The Obama victory was jubilantly celebrated in Washington DC (sometimes referred to as Chocolate City). I was there for the Clinton victory over Bush1, but that was a quaint tea party compared to this wild bumping throw-down. I squeezed myself into the downtown Bohemian Caverns, an African American-run club. Throbbing with people packed on three floors grooving to the DJ’s funk/african tracks, they cheered watching the CNN visuals of Obama’s march across the nation. In the first floor restaurant that had a more sophisticated clientele than the college-age crowd in the nightclub, bartenders were leading call-response chants of “O!” “Bama!” When the media declared him the winner, the joint went bedlam. The bartenders jumped on the bar spraying us with champagne as people were simply deliriously euphoric.
Outside, U Street became the tribal gathering point as thousands jammed and danced in the streets in joy, accompanied by the honking of cars and their sound systems. Strangers come up to me high-fiving or hugging. It was still rocking when I left there at 2:30 am. The streets around the White House drew thousands more who gathered to celebrate and evict Bush. I’ve never seen this city so happy, nor so loud after midnight.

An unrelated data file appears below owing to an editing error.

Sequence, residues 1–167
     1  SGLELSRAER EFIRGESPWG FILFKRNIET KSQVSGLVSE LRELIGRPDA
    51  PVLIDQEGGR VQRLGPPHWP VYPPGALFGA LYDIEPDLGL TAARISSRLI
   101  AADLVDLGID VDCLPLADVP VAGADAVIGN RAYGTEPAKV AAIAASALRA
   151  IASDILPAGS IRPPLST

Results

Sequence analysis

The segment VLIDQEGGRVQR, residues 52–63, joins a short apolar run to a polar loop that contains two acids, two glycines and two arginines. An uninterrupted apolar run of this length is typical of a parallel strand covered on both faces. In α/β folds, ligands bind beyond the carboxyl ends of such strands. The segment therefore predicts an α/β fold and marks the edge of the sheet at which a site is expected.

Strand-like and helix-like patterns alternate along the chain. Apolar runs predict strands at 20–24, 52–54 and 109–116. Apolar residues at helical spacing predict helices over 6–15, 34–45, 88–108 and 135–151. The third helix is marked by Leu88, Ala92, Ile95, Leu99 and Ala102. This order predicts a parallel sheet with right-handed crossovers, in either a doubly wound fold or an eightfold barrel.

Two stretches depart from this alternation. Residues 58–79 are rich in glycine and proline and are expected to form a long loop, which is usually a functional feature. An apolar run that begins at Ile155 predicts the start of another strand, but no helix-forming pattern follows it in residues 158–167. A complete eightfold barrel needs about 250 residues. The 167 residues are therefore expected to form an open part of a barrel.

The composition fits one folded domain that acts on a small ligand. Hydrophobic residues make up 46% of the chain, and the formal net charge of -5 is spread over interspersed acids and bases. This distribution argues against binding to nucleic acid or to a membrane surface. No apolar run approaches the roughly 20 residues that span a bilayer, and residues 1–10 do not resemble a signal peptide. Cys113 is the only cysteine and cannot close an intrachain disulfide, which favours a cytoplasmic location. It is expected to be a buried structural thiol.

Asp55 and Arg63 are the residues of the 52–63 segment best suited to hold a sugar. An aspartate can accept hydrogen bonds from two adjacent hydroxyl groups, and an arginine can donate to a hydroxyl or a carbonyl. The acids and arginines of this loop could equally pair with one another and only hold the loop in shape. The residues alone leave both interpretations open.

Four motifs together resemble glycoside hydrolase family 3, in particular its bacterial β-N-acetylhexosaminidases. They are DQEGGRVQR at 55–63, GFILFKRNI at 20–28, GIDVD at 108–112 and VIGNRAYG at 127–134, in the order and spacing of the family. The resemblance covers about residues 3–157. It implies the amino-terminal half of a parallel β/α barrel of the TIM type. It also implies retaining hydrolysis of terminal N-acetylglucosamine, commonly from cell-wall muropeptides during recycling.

Why? Why were people crazy happy then? Something huge had happened. There was the joy that America could really elect a black man for president – the same America that enforced race laws until only a few years ago, and still practices race discrimination and hatred. Many had been scared that the Republicans would steal yet another election (Lord knows they tried). Ending eight years of Bush neo-fascism also primed the celebration. For blacks, it was more than just a transcendental moment in their 400 year American history shared with others, it was intensely personal in a collective sense. I/we had crossed a raging river.
Obama, for all his problems (like his current pick of Zionists and right wing democrats to shape foreign policy) is unquestionably an extremely charismatic superstar who speaks of us rather than I. His mass rallies and now his victory featured his message that the cynicism of yesterday must be replaced by the hope and possibilities of our shared future. (See his brilliant speech on race: “A More Perfect Union” http://www.youtube.com/watch?v=zrp-v2tHaDo ). This is a message that I find to be radical in these fearful and reactionary times. For progressives, the window of opportunity to mobilize others to push Obama from the right back to the center or the left-of-center is now. It might close soon.
Here’s a link to a video of people doing the Electric Slide on U Street from music pumped out of an SUV: http://www.flickr.com/photos/scottmontreal/3096713361/
Here are some of the photos from that night of celebration: